1. P.S. Fats (nuts, coconut oil, etc.) are most dense at 1.5 grams per serving; but, fats add to satiety.

  107. I’ve been primal and loving it for about a year, have been able to achieve a leanness I’ve always strived for. Recently I coupled the Primal eating plan with the Warrior Diet and have felt absolutely amazing. One huge meal a day and I feel fantastic, literally liberated as I don’t have to worry about the old way of thinking about eating frequently to ‘keep the metabolism going.’ I’ve also gotten even more lean coupling the two programs. Curious if any others have experienced the same.

    1. I have been wondering about doing the
      Warrior diet for a long time…at 58 I feel like one, evening meal would be
      perfect to get to my perfect weight… and you would save alot of money and
      also nighttime is the hardest for me…I think you have convinced me to try this…

      1. All I can say is that if you are even considering it, go for it, it’s at least worth trying. I’ve found I am so much more mentally focused and energetic throughout the day, and only eating a few raw fruits/vegetables and maybe some nuts. It’s given me an even greater appreciation for food and I truly look forward to eating all I want come that evening meal. Working out beforehand in that fasted state is especially enjoyable and surprisingly exhilirating. The book is a great read as well. When couple with the Primal Blueprint principles I think it’s really a powerful protocol. Good luck!!

  108. I haven’t eaten breakfast all my adult life though I’ve tried because everyone says it’s the most, blah, blah, blah. I start eating about 5 or 6, usually a huge amount of food, like a wolf I guess. When I force myself to eat breakfast and lunch I still eat too much for supper and I don’t feel a bit better for my efforts. So I’ve given in to my natural inclinations to eat when I want to.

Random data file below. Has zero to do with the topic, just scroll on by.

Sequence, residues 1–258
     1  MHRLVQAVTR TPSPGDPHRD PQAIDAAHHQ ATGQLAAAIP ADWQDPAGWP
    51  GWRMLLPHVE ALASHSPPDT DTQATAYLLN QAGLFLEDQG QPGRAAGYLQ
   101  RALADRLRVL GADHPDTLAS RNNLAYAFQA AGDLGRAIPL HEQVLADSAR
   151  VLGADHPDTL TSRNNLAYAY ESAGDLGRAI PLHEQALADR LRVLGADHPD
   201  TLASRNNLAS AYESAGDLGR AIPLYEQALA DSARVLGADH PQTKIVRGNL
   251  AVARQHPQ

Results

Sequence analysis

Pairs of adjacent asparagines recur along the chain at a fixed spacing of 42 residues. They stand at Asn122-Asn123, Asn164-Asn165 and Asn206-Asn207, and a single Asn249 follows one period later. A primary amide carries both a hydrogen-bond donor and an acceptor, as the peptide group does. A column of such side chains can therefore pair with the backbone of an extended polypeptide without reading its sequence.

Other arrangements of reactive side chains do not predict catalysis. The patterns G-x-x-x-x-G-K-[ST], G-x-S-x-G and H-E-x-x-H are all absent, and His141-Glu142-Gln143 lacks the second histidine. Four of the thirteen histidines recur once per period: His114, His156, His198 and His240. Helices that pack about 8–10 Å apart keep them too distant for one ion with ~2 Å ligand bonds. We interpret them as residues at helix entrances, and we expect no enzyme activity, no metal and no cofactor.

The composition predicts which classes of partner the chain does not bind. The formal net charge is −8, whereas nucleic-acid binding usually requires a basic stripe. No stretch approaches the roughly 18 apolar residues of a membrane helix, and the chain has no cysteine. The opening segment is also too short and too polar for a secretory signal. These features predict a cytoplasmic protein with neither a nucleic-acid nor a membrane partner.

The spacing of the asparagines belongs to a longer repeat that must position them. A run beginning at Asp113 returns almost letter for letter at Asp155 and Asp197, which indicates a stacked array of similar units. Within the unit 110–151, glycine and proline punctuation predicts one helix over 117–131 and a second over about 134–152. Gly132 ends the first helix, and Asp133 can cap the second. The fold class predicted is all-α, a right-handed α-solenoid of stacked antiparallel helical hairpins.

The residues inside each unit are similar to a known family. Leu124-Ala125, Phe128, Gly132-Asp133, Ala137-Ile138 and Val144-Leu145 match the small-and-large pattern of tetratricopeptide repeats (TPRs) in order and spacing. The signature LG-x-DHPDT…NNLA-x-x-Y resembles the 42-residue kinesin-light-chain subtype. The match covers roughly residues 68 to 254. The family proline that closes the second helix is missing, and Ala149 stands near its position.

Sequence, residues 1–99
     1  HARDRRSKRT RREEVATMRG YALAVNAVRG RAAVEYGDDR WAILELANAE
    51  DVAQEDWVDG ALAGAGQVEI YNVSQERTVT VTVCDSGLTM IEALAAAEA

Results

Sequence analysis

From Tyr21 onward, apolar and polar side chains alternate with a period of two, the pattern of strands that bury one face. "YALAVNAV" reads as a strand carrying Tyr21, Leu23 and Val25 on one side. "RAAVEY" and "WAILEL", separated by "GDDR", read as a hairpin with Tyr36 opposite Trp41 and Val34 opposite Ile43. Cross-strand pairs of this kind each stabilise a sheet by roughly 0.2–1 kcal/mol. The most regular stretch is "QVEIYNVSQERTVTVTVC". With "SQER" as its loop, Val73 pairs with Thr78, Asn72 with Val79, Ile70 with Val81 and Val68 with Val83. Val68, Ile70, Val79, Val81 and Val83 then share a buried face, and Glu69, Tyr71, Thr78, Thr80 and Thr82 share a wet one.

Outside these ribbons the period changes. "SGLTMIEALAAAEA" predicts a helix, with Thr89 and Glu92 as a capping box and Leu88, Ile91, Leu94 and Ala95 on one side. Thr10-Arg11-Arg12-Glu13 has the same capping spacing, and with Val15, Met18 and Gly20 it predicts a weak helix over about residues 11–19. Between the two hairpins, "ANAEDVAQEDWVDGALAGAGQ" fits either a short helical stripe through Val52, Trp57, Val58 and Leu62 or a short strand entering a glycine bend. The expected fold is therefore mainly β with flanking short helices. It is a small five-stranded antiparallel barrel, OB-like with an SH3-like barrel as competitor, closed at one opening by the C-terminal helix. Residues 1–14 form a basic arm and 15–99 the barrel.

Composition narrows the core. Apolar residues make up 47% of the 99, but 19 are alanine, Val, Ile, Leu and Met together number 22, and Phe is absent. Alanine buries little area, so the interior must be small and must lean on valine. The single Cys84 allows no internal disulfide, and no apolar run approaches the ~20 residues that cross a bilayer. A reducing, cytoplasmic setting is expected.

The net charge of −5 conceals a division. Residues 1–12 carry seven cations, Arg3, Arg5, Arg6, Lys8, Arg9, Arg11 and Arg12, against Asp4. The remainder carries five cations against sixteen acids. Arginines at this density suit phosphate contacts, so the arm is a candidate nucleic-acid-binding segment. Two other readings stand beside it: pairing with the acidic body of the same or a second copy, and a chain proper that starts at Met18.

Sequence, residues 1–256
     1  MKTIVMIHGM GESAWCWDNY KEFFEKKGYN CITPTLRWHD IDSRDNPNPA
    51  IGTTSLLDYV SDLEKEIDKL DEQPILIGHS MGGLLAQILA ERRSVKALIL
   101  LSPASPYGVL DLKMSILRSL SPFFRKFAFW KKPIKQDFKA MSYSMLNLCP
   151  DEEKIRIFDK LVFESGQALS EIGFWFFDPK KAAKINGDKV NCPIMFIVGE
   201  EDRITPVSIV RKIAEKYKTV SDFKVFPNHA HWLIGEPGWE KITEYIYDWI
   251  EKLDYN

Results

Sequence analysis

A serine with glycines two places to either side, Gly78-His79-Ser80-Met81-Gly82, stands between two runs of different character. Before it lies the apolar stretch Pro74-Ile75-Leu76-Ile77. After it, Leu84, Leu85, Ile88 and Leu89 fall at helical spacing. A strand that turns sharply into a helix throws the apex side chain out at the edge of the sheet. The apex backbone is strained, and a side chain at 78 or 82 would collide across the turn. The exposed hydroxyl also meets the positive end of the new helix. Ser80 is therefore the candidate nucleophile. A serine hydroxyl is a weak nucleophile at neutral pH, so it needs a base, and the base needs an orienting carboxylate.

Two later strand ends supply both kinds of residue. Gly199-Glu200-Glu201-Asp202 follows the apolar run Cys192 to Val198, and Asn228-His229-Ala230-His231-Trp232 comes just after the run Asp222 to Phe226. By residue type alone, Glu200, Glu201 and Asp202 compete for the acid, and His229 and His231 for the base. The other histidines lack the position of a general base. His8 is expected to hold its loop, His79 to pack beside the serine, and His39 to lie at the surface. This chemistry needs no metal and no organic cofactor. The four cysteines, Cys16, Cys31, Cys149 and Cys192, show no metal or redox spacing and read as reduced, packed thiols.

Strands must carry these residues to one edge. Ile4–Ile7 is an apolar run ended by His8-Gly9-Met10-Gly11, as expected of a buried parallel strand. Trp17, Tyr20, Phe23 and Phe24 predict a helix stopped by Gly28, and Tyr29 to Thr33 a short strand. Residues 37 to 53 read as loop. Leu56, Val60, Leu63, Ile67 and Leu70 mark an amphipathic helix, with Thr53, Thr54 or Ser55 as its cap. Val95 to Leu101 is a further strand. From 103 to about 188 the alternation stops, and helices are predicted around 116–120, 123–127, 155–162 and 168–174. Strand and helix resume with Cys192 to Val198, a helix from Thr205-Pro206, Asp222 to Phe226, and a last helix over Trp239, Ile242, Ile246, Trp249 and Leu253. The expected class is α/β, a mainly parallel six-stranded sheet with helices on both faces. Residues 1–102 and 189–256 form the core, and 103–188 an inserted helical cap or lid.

109. Our ancestors didn’t always have much food available. Other times the hunters brought home a big kill and they feasted. What would make grazing bad? Or fasting unhealthy? Or a few large meals excessive? I don’t see how any one method is truly superior to another. Therefore. I just eat when hungry and don’t worry about it.

    1. I’ve thought about this alot…and your
      right…different locations also had different foods available…I believe man is very adaptable…and I often think the key is an active lifestyle, which was forced upon primitive man…
      reguardless of what and when you eat.
      I see this in my dogs…no matter what they eat, giving them adequate exercise,
      daily, makes them very robust…and it is like the MDA exercise pyramid…alot of easy exercise with ocassional all out efforts…maybe a key for the modern
      primal is eating just enough for your
      activity level…

    2. Jen, reading all these various diets that everyone has shared makes, you come
      to your conclusion…

  110. One large meal/day and 4 or so snacks seems to be what I’m happiest on.

  111. Thank you Mark. You’ve well allowed me to be me. I tried following IF and found myself really having a hard time going without breakfast. I tend to do better with light dinners, then again if I completely fast at night and I’m hungry I don’t sleep well. I love the listen to your body approach!

  112. I would have to vote Whey protein as the ultimate “snacking food”. I say this because its uses are so versatile and many consider it a food source and not a supplement. You can drink it with water, milk, add it to a healthy smoothie, put a scoop in low-fat yoghurt… its uses are endless!

  113. personally i start my day with about 400 calories worth of heavy cream and my first solid food is usually eggs or meat–i don’t know why but my picky (IBS) gut objects mightily if the first solid food is carbs, no matter what time of the day it is. I’m really curious as to why–somehow related to my SIBO issues? Two mysteries of food timing/appetite that I have solved: